Christopher Newport Captains (7-3, 70th)
at Delaware Valley Aggies (9-1, 20th)
Every year, due to travel considerations, the teams in Texas and on the West Coast end up together in one bracket with a random pair of other games. It leads to either a horribly imbalanced bracket or a nightmare. This is somehow both.
Texas Lutheran has already been pummeled by UMHB; they won the four-team Southern Collegiate Athletic Conference, which used to be a lot bigger before seven schools left to form the Southern Athletic Association. Delaware Valley was unbeaten four days ago; they lost the Middle Atlantic title to Widener.
Muhlenberg is in as an at-large out of the Centennial Conference, their only loss coming to Johns Hopkins. Chapman (Orange, CA) and Linfield (McMinnville, OR) make up the Pacific Coast contingent in this year's field. Getting to the quarterfinal will be a gauntlet, but then there looms UMHB, which seemingly hasn't lost a regular season game in years and has become a regular semifinalist. This year, they're just destruction personified; they've scored over 80 each of the last two weeks, over 70 four times this year, and over 50 six times.
Hampden-Sydney Tigers (7-3, 55th)
at Wesley (DE) Wolverines (9-1, 6th)
MIT Engineers (8-0, 80th)
at Husson Eagles (8-1, 133rd)
Rowan Profs (7-3, 41st)
at Johns Hopkins Blue Jays (10-0, 4th)
Ithaca Bombers (7-3, 32nd)
at Hobart Statesmen (10-0, 25th)
MIT! Hi there! The nerds earned their first-ever conference championship and first-ever playoff bid and went unbeaten and gosh things are just crazy in Cambridge. (MIT and Harvard are a combined 17-0. Madness.) Of course, they have to go to Maine to play Husson because their stadium's just not up to snuff.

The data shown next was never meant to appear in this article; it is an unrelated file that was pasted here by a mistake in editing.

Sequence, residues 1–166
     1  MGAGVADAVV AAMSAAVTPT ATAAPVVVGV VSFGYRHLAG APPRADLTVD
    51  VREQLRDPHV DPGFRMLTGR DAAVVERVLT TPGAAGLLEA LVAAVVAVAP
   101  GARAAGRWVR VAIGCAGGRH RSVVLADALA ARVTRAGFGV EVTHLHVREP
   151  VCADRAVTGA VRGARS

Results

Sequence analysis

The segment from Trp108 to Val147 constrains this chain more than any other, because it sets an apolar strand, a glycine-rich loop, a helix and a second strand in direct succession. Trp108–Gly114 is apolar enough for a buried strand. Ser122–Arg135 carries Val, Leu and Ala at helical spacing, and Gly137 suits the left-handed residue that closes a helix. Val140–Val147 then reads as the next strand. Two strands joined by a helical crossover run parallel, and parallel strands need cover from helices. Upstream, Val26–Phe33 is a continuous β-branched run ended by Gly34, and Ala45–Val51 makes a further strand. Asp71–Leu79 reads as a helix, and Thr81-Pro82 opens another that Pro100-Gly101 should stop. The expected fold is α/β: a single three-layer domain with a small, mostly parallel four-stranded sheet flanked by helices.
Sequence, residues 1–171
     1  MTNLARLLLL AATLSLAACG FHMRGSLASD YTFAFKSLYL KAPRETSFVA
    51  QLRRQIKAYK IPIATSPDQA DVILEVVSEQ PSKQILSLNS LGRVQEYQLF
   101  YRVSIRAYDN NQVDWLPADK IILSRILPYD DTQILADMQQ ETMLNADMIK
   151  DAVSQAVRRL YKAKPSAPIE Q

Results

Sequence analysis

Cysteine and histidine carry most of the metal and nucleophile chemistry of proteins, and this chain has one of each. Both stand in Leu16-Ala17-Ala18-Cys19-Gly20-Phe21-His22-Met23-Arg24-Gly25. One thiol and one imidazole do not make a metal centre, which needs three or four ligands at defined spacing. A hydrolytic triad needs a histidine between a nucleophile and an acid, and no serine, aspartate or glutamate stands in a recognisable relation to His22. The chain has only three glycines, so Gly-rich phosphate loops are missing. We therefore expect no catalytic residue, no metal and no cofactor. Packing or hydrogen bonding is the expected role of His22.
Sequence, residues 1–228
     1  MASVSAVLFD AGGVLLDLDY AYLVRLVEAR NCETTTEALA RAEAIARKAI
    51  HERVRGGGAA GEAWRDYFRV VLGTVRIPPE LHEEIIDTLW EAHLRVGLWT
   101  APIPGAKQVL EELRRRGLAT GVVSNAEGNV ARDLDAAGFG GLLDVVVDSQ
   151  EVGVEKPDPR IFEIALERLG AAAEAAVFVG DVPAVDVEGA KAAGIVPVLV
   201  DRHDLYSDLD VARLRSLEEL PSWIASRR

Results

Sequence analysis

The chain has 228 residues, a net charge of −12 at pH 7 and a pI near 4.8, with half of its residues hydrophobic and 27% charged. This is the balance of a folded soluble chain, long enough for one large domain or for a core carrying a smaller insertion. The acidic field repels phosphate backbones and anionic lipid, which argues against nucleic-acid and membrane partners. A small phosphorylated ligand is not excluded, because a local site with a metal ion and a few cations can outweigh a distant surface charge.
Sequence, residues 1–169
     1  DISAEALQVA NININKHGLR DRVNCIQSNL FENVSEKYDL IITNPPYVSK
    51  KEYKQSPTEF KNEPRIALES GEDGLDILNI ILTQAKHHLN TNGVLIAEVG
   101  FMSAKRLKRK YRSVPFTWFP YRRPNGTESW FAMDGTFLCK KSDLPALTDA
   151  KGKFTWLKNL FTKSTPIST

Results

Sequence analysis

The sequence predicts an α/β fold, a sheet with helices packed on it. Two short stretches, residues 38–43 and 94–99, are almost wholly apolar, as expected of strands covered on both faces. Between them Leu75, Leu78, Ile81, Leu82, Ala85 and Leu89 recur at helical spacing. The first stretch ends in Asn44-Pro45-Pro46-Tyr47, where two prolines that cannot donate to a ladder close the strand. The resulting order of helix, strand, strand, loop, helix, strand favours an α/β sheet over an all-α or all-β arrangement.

Hampden-Sydney survived a four-way tie in the Old Dominion to get in, and Rowan won a three-way tie in New Jersey to claim a bid. All of these teams got auto-bids except Wesley, a Pool B selection, whose only loss was to FCS Charlotte.
Ithaca might have gotten a better break, except the season-ending Cortaca Jug rivalry game went sour at the final gun. You've probably seen the video, but just in case:
Mount Union Bracket
Adrian Bulldogs (8-2, 95th)
at Mount Union Purple Raiders (10-0, 1st)
Washington & Jefferson Presidents (9-1, 31st)
at Wittenberg Tigers (9-1, 21st)
Centre Colonels (10-0, 38th)
at John Carroll Blue Streaks (9-1, 11th)
Benedictine (IL) Eagles (6-4, 160th)
at Wheaton (IL) Thunder (10-0, 36th)
If the Whitewater and UMHB brackets are minefields, this is a cakewalk. The only real challenge to Mount Union here comes from the team they beat last weekend; John Carroll was seven yards away from the end zone and seven points down, but ran afoul of the spike rule when they tried to stop the clock with only two seconds to go.